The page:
I will survive. When things got out of hand, Elias left Syria, but not before making sure that his brother – close to enlisting – could also escape. Elias left Syria with only his backpack and set course for Europe. He dreamed of living in Germany or one the Scandinavian states.
Coke adds life. Bolivian President Evo Morales is confident of diffusing tensions with the EU after his country passed a law increasing the amount of coca plant that can be legally cultivated.
Bedtime for democracy. The European Commission highlighted the “serious concerns” expressed by the Council of Europe on Monday over the amendments to the Turkish constitution which are due to be voted on in the 16 April referendum.
Wilders hearts Erdogan. Dutch Prime Minister Mark Rutte clashed with his main rival anti-Islam MP Geert Wilders on Monday, as they laid out starkly opposing visions of their country’s future in an election campaign now consumed by a diplomatic row with Turkey.
Iran circa 1979. Turkey on Monday said it was suspending top-level ties with The Netherlands and blocking the return of its ambassador in a spiralling crisis over the holding of rallies abroad ahead of a crucial referendum.
Working for Geert Wilders. Turkish President Recep Tayyip Erdoğan called the Netherlands a ‘Nazi remnant’ and said the country should face sanctions for barring Turkish ministers from speaking in Rotterdam, fuelling a row over Ankara’s political campaigning abroad.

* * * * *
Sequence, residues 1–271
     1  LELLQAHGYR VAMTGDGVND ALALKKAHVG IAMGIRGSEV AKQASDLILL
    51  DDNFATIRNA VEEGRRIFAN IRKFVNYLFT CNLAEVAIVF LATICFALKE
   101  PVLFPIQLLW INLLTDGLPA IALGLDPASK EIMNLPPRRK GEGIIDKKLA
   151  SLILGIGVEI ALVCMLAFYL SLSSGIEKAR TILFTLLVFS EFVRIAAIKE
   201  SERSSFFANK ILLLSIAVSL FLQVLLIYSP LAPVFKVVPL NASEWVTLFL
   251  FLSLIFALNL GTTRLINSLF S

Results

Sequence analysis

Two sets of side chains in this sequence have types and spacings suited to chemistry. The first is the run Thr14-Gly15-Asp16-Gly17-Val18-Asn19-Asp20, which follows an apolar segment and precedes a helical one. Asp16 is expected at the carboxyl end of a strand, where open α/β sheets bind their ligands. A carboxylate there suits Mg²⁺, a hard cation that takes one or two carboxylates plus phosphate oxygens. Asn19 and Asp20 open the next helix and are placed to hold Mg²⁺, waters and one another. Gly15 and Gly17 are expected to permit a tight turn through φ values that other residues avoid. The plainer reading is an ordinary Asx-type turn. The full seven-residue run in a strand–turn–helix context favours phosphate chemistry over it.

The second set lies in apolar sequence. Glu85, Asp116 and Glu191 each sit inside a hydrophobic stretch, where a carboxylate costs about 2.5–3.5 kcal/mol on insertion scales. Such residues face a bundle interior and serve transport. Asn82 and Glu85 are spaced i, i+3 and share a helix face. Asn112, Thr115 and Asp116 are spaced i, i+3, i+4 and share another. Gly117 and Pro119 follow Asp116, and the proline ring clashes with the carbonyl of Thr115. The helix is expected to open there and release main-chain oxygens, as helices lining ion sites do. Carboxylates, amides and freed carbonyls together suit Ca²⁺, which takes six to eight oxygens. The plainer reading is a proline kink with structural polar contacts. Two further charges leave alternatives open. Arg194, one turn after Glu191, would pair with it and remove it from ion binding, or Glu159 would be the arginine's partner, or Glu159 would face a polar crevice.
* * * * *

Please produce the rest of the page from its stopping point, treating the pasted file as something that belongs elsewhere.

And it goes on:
Soon to join Turkey. Once staunchly pro-EU, Kosovars are losing patience with Brussels, which they accuse of prioritising Serbian accession over their own sovereignty, warns the mayor of Kosovo’s capital, Shpend Ahmeti.
As long as they bring hummus. A year after the borders were sealed, refugees are still using South East Europe to enter the EU. But now the journey is more difficult, expensive and brutal.
Hunter-gatherer society. A political crisis that has paralysed Macedonia for two years is sliding into an ethnic dispute, with nationalists taking to the streets over a series of demands by the country’s Albanians.
Back to the Cold War: Warsaw, which lost a diplomatic campaign to oust its former premier Donald Tusk from his post as European Council president, has now accused the EU of “cheating” and announced a “negative” policy towards Brussels.
Also called propaganda: In the last week, Czech site Aeronet published the following false stories, which went viral: The EU wants to make Le Pen a criminal; The UK will close its borders to EU citizens; and the Democrats are conspiring with Facebook to overthrow Trump by banning fake news.
Only in Italy. A new leftist party has been born. Movimento Arturo was set up by a satirical TV show. In the space of ten days, the ‘party’ has overtaken the Northern League on social media, gained coverage across Italy and set up branches around the country and the world.
Once a banker, always a banker. Benoît Hamon’s proposal of an international treaty between the eurozone countries to increase democratic control of the single currency has raised eyebrows on the left, where such sovereigntist manoeuvring is viewed with suspicion.